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  1. #1
    SitePoint Enthusiast
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    Information architecture for massive data output.

    Hi,

    I need to design a site for a client which requires the output from a lot of data - mainly measurements presented in a table.

    I did some research on the web and looked for financial data sites like the Yahoo Financial site. But their results do not look visually very appealing.

    Does anyone has a good resource about how to present massive data amounts on a web page or some ideas on this subject that he/she might want to share?

    Thanks for any input.

    - H
    Last edited by Burgerb; May 21, 2002 at 23:25.

  2. #2
    SitePoint Enthusiast fuselodge's Avatar
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    you shoud try using PHP along with MySQL or some other database programs....on a more easier ground,try MS-Access.
    Last edited by fuselodge; May 21, 2002 at 23:29.

  3. #3
    SitePoint Columnist Skunk's Avatar
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    Massive data amounts are never fun to look at if they are in a table. I would suggest using dynamic graphs of some sort (or at least providing them as an option) - allowing users to specify which data sets they want plotted, what ranges to use and so on. Most server side language provide graphing support of some kind - PHP has a good graph library described here: http://www.zend.com/zend/tut/tutsweat3.php

    Another thing that might be worth considering is giving the user the option to download data in the form of an Excel spreadsheet. This is a lot easier than it sounds - if you provide the right content-type header you can output an HTML table and Excel will convert it in to a spread sheet for you. An article describing this technique implemented in PHP can be found here: http://www.evolt.org/article/Using_M...eets/20/26896/

  4. #4
    SitePoint Wizard creole's Avatar
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    Cold Fusion has built in Graphing functions that are very useful. You might consider checking into that as well.
    Adobe Certified Coldfusion MX 7 Developer
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  5. #5
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    Thanks to all of you for the tips and advices. Unfortunately my client already works with ASP and I doubt it that he will switch to something else.

    I just got a book from the Library called:http://"The Visual Display of Quanti...349/tufte/</a>

    Tufte explains how to measure Data Density and how to work with charts. Unfortunately he's not explaining much about the web itself or how you can work with the limitation of web-design when you have to handle large numbers. I think that most scripting languages are supporting you with manipulating the data output... but I'm more interested in thepure Design aspect, things like: Color Shading, How to set boarders so it's easy for the human eye to know where the information is, fonts to use, How to create a Design Style Guide for a complete Web suite. The language should support all this but how do you start creating something like this from a pure design perspective without the language in mind?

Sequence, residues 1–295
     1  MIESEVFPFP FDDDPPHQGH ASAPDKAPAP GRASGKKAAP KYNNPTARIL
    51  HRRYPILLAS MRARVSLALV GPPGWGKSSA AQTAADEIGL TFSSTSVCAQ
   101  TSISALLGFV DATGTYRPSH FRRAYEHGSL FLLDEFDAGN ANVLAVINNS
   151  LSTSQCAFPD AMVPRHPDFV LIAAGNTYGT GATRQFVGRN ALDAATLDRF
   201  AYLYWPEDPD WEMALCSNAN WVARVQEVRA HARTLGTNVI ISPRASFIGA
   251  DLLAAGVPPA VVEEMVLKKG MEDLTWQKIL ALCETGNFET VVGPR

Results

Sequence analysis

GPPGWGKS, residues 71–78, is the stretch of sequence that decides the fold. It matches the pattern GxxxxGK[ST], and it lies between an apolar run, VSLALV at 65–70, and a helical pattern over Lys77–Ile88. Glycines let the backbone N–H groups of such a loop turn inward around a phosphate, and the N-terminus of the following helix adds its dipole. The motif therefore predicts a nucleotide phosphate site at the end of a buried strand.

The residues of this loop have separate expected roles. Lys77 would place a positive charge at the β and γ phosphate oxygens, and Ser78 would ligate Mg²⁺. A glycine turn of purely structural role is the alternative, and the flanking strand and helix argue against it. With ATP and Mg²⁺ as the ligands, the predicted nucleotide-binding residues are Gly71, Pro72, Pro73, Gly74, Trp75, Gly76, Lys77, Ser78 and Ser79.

- Holger
    Last edited by Burgerb; May 23, 2002 at 11:20.

  6. #6
    SitePoint Enthusiast Crockett's Avatar
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    I feel your pain

    I've been involved as an IA in a couple projects which sound like what you're talking about. One was for marketing managers for a hotel chain in LatAm that were managing a points reward program. Tons of data. The other was a for a sales extranet to support sales people in the field for a sports nutrician company. In both cases, after learning about how the end-users did their jobs, and what they were looking for in an online business tool, the overall theme we needed to achieve was flexibility.

    In the hotel case, we could build in a dozen or so commonly accessed reports based on business logic we got from the client. Same thing for the sales staff. But to really allow these managers and sales staff take advantage of the data, we needed to design a system that would allow them to manipulate as per their individual needs.

    In the case of the hotels, were talking about very complex equations of modifying reward point values from 25 distinct regions x 25 distinct regions x individual date ranges x member status x etc etc etc. Building all these report possibilities into the application was out of reach budget wise. And we were scared that if 3-4 managers tried to use the reports at the same time the servers would go kaput.

    What did we do ? Export to Excel. MBA's love that program!! I used to marvel at how some adept excel users could quickly get some really cool stuff out of a bunch of numbers. If you're end users are people that are accustomed to playing w/ numbers, chances are they're very comfortable w/ excel. No use in forcing these users to learn a new tool, right ?

    As far as design is concerned, we kept things very excel like. table borders are important for scanning, as are alternate shading. One thing I wanted to implement but never got around to doing was giving users a couple of styles they could view the data by switching css. You could give'em a classic spreadsheet view and something nice you can show off in your portfolio...

  7. #7
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    DATA

    you may also want to take a look at OLAP cubes and Active/Pivot Chart. One thing I really like about it is the function to drill into your massive data in just one click. You can sort out your data depending on how you created your cube and you can show this real-time using Active Charts.

    regards.


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